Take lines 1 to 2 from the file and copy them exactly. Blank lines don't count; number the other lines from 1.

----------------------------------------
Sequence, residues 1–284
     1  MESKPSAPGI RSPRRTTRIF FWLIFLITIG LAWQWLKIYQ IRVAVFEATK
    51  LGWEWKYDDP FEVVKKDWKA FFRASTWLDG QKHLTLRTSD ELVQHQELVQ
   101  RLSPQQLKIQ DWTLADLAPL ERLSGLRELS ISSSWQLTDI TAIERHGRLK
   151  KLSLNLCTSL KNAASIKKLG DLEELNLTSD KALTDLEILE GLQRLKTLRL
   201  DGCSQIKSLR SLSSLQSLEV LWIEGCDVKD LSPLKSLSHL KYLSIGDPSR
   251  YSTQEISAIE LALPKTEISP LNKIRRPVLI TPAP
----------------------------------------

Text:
Sequence, residues 1–284
     1  MESKPSAPGI RSPRRTTRIF FWLIFLITIG LAWQWLKIYQ IRVAVFEATK